Relative advantage

Relative advantage
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Methods and techniques

Relative advantage represents the degree to which consumers notice a new brand like better one than existing alternatives with regard to specific benefits or attributes. Relative advantage is the use of consumer perception and is not a case if a new brand in a new product category is really better through objective standards. The Relative advantage is favorably correlated with an innovation's adoption rate. It means that the greater an innovation's relative advantages assimilate to existing offerings, the quicker the rate of adoption, all other considerations held steady. Conversely, is with a new brand's relative disadvantages:

  • the difficulty of learning how to adopt a new product,
  • high price

will delay the rate of adoption.

Generally, the relative advantage exists to the extent where a new brand offers[1]:

  • the immediacy of reward
  • better performance compared to other options or
  • savings in effort and time.

Example of relative advantage[edit]

For example, with regard to the adoption of hybrid-engine (gas and electric) cars. In spite of the fact that many car owners are affected not only about high fuel prices but also about environmental pollution, and additionally about the payback on the higher-priced hybrid cars stays elusive to many mainstream-market customers. The incremental car's price in $2.000-4.000 relative to the fuel savings over time merely do not make the relative advantage (compared to highly fuel-efficient, a cheaper compact, gasoline-powered car) is compelling enough for many consumers-yet.

High-tech products[edit]

Additionally to the dollar price, the ambiguity of high-tech products might carry on to emotional worry, a type of psychic cost. The customer can have uncertainty, fear, and doubt about if the promised benefits will deliver the technology, and the customer will have the capabilities and skills to realize those benefits. A lot of high-tech entrepreneurs trust that their invention is the Holy Grail, the next best thing to sliced bread and a better mousetrap - all rolled into one. However, the factor of relative advantage proposes that it is not sufficient for the inventor to trust that she or he really has a better product. The improvements have to be readily noticed through the customer and be worthy of the money and other costs of adoption[2].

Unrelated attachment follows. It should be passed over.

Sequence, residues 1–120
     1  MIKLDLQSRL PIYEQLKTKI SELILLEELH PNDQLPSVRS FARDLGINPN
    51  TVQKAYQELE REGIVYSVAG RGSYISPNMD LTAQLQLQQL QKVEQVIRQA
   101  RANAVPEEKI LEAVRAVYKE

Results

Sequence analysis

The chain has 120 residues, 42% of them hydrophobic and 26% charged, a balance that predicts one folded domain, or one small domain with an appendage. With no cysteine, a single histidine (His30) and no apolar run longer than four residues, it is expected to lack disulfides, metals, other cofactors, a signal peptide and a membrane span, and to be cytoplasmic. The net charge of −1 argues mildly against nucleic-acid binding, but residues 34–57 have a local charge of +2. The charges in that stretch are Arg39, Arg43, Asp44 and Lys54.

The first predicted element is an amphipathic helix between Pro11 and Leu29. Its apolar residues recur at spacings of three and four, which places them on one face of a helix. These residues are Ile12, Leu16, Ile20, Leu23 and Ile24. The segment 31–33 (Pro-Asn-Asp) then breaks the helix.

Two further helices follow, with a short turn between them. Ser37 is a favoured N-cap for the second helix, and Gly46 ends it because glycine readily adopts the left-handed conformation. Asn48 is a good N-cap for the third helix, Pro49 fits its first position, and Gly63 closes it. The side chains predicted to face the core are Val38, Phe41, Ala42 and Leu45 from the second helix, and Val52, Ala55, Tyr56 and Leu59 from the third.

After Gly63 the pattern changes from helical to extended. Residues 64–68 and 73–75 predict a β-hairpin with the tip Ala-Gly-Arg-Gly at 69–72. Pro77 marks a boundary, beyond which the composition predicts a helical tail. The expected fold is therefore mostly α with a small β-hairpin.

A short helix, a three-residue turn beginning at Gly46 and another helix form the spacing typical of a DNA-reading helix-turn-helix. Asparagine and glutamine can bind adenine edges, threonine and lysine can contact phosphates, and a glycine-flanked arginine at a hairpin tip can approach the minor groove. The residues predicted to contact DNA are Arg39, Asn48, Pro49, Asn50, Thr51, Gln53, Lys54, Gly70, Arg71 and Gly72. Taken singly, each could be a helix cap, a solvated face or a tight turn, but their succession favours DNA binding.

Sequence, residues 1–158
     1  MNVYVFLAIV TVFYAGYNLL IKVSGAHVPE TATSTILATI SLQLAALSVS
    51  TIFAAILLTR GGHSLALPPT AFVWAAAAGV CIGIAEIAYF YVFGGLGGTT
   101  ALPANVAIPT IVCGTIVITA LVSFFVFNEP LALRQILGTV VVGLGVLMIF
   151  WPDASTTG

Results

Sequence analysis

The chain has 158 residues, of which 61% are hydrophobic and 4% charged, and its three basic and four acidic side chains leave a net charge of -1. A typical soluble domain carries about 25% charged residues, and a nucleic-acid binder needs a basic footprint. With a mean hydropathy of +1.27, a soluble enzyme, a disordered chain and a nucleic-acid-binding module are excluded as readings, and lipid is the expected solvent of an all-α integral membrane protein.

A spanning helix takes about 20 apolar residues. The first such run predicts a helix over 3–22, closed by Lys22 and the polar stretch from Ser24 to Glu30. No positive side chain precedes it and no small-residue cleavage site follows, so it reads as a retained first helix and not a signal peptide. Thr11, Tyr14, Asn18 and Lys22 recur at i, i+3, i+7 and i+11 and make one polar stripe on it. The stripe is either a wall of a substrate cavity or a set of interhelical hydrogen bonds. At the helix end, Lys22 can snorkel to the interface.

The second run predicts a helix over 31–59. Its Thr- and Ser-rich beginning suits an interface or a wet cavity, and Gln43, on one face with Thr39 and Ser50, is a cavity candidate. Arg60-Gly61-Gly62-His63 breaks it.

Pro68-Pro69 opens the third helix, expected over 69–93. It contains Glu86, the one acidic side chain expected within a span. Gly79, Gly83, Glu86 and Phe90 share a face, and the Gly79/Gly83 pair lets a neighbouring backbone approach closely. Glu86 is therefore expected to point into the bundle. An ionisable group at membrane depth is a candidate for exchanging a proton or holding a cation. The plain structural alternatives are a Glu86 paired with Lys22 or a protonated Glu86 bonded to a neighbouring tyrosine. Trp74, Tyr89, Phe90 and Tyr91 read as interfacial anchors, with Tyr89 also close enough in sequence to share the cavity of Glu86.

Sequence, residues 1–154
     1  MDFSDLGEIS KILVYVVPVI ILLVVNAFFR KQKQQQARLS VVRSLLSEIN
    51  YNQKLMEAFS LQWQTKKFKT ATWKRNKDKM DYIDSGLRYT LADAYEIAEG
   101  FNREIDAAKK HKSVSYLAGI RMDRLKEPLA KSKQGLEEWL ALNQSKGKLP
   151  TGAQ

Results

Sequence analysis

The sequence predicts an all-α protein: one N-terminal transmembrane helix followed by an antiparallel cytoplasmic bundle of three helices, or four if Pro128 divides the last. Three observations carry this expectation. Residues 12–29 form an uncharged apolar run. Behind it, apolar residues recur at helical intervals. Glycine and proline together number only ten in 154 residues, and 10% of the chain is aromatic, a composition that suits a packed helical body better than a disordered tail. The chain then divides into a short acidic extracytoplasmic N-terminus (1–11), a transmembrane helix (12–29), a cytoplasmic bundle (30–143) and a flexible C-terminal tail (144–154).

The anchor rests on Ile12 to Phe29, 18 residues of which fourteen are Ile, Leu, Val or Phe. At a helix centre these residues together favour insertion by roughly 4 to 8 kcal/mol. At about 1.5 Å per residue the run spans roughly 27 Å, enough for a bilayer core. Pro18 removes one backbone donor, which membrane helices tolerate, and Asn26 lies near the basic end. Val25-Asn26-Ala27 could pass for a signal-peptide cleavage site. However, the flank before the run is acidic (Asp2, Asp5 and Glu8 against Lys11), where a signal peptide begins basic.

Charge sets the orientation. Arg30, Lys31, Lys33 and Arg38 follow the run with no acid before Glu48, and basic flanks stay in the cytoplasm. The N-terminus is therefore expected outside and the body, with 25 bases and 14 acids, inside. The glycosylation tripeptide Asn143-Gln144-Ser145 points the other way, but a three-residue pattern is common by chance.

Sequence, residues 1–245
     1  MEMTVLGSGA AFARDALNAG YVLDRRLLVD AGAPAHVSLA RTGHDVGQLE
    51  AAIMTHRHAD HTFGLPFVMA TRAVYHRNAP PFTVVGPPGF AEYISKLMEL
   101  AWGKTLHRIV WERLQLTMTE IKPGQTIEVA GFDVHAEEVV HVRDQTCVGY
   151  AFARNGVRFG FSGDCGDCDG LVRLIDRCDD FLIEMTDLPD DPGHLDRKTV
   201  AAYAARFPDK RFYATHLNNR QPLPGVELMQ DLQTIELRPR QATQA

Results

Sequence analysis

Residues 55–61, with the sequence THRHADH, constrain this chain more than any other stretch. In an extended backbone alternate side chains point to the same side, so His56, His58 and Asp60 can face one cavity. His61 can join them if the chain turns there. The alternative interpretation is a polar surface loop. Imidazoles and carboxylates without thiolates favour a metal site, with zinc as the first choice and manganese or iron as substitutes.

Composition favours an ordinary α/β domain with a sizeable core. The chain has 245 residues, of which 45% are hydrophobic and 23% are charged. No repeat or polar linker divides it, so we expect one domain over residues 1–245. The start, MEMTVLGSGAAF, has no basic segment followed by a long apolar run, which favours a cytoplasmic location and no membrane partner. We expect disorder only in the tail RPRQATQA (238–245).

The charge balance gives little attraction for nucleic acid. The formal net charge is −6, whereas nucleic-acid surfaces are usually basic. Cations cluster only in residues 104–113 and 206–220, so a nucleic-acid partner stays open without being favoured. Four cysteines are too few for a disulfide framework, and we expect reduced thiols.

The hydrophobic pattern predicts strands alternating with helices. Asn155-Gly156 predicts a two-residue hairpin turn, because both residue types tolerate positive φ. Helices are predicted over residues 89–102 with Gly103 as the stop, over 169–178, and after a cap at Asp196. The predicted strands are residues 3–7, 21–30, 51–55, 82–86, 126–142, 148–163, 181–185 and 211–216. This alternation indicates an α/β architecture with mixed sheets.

Rogers definition of relative advantage[edit]

The relative advantage of the innovation might influences the adoption decision. Rogers determines relative advantage as "the degree to which an innovation is perceived as being better than the idea it supersedes". This definition might be expanded since advantage relative to other positions might be considered in a broader sense. Definition of Rogers' proposes that the advantage of innovation is just referred to as the situation where this innovation was not available yet [3].

Footnotes[edit]

  1. (T.A. Shimp 2008)
  2. (J.J. Mohr, S. Sengupta, S.F Slater 2010)
  3. (A.H Brummans 2006)

References[edit]

Author: Jakub Postawa